20 ALM Maturity Levels Advanced The right process across the organization The processes are clearly documented Processes are maintained Processes are following industry best practices This level is where most companies strive to be.

21 ALM Maturity Levels Dynamic The Dynamic maturity level is rarely found It is not feasible for most companies to be performing at this level. Therefore, do not be alarmed or try to move into this maturity level since it may not make economic or business sense The companies that qualify for this level generally perform at the top of their industry and include the lower maturity levels in their practices

22 ALM Practice Areas Microsoft identified the following practice areas: Architecture and Design User Experience Requirements Management Software Coding Quality Software Configuration Management Data Management Project Management Deployment and Operations Quality Assurance and Test Application Delivery

23 Typical ALM Challenges

24 Typical ALM challenges

25 “We don’t have good visibility into project status” “Our teams are not communicating effectively” “Requirements are not sufficiently defined or tracked” “We need lightweight, agile development processes” “Software is not adequately tested” “Cost of maintaining and operating the solution exceeds the business benefit”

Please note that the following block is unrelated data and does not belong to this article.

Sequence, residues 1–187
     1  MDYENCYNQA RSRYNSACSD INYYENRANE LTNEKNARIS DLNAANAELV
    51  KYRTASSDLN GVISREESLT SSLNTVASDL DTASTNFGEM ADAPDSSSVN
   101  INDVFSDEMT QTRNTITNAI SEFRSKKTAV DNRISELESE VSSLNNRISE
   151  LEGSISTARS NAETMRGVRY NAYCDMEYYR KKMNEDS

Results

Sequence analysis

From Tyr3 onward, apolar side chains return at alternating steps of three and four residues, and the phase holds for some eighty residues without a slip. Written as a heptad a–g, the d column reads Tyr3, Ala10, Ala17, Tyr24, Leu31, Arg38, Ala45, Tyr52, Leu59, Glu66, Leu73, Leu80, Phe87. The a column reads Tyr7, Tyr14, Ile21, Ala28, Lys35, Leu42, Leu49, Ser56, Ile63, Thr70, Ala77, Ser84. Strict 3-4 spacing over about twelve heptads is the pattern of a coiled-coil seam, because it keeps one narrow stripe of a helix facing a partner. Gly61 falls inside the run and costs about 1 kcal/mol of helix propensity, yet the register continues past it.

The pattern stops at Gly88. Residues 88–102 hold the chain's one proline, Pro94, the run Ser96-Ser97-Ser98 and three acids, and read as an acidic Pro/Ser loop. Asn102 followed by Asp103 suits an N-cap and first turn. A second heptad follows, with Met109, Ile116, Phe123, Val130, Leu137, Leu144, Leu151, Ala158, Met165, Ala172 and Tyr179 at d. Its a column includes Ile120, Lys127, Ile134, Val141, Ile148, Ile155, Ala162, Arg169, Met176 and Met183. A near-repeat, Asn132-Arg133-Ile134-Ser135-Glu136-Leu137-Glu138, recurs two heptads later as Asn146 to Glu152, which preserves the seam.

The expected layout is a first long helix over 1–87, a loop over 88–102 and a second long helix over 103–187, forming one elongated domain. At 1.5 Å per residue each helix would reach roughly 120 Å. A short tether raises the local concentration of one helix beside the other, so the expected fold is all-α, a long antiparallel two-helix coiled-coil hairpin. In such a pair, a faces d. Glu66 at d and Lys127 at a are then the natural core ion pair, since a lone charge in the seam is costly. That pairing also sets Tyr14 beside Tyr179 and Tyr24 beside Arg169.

26 What goes wrong at immature levels? Architecture and design Functionality is repeated in several different applications There is very little or no overall architecture and architectural standards A minor change can cause massive headaches: Time consuming to implement Costly A change in one area breaks functionality in another area There is very little direction for the future of the application It becomes a GREAT BALL OF MUD!

27 What goes wrong at immature levels? User Experience Poor UX in internal facing applications cost money Productivity is negatively impacted Switching between screens to complete a single task Copy and paste between screens Data capture errors impact on the quality of data External facing web sites with a poor user experience will loose your company business Think of the difficulties to find a good movie and book a seat on some of our local movie theatre sites Or find the cheapest air fare and book your ticket on some of our airline sites